Subtyping intestinal metaplasia in patients with chronic atrophic gastritis: an interobserver variability study

Julia M. Lerch, Rish K. Pai, Ian Brown, Anthony J. Gill, Dhanpat Jain, Bence Kővári, Ryoji Kushima, Kieran Sheahan, Tomas Slavik, Amitabh Srivastava, Gregory Y. Lauwers, Cord Langner

Research output: Contribution to journalArticlepeer-review


Incomplete gastric intestinal metaplasia (GIM) is associated with an increased risk of gastric cancer. We aimed to examine the interobserver variability of GIM subtyping (incomplete vs complete) in histological diagnosis of patients with chronic atrophic gastritis and to identify factors with potential impact on agreement. Nine international gastrointestinal expert pathologists assessed 46 cases with complete, incomplete or mixed-type GIM on scanned haematoxylin and eosin (H&E)-stained slides. Results were compared with the consensus diagnosis driven by two experts. Interobserver variability was evaluated by kappa statistics. Focusing on the predominant pattern, the agreement between each observer and the consensus diagnosis ranged from 78% to 98%. The level of agreement was moderate to almost perfect (weighted kappa=0.464–0.984). The participating pathologists reached substantial overall agreement (Fleiss' kappa=0.716, 95% confidence interval 0.677–0.755). Misclassification with potential impact on clinical decision making occurred in 5.7% of case ratings. The pattern of GIM (pure GIM versus mixed-type GIM) differed significantly between cases with high and low agreement (p=0.010), while the number of biopsy pieces per sample and the portion of mucosal surface involved by GIM did not. Pathologists who apply subtyping in daily routine performed better than those who do not (p=0.040). In conclusion, subtyping GIM on H&E-stained slides can be achieved satisfactorily with high interobserver agreement. The implementation of GIM subtyping as a risk stratifying tool in current practice guidelines by the European Society of Gastrointestinal Endoscopy (ESGE) and the American Gastroenterological Association (AGA) carries a low rate of misclassification, at least among gastrointestinal expert pathologists.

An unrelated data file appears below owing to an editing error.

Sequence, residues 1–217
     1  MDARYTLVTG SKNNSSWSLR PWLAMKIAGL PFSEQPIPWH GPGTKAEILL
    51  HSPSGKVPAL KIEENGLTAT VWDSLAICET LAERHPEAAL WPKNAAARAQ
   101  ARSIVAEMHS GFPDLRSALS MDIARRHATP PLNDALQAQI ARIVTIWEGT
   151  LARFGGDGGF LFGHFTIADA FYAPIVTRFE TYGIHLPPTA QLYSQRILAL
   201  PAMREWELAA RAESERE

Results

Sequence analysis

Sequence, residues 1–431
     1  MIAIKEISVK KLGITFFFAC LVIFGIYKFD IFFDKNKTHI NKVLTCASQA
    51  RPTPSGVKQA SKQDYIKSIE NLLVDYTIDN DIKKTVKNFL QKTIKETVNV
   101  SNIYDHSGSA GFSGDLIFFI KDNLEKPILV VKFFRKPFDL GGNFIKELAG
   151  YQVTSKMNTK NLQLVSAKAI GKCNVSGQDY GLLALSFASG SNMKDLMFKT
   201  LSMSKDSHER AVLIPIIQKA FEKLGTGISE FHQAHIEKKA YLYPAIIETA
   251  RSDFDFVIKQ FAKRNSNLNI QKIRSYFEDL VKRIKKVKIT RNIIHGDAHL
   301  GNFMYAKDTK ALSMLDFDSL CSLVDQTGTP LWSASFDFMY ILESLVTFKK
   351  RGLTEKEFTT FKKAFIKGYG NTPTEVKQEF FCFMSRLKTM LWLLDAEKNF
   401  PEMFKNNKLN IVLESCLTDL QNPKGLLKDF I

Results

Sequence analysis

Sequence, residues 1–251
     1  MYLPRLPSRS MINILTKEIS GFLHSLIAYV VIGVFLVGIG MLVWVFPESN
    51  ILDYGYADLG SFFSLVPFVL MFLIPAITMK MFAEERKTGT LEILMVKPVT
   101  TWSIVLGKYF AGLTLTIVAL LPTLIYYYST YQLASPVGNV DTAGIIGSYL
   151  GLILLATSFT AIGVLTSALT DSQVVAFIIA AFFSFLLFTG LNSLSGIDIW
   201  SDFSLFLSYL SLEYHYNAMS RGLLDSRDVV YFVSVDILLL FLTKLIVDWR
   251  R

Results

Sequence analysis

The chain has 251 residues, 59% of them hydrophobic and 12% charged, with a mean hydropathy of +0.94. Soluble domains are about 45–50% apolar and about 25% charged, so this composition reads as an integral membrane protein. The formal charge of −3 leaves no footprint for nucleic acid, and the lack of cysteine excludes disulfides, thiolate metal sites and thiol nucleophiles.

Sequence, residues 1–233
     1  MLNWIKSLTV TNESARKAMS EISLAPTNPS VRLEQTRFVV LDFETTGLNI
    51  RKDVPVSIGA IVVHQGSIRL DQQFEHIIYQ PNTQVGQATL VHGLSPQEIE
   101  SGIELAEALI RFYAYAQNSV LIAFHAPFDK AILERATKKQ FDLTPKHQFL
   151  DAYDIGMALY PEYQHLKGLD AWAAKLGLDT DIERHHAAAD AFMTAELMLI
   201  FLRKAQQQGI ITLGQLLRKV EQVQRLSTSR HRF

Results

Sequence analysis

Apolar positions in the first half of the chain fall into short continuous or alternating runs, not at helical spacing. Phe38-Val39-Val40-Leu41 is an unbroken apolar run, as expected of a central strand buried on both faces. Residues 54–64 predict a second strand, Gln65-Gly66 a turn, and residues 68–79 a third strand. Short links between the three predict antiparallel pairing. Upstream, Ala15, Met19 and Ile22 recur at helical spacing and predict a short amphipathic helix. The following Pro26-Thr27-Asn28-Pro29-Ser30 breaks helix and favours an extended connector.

Original languageEnglish (US)
Pages (from-to)262-268
Number of pages7
Issue number3
StatePublished - Apr 2022


  • Chronic atrophic gastritis
  • complete intestinal metaplasia
  • gastric precancerous lesion
  • incomplete intestinal metaplasia
  • interobserver agreement
  • observer variation

ASJC Scopus subject areas

  • Pathology and Forensic Medicine


Dive into the research topics of 'Subtyping intestinal metaplasia in patients with chronic atrophic gastritis: an interobserver variability study'. Together they form a unique fingerprint.

Cite this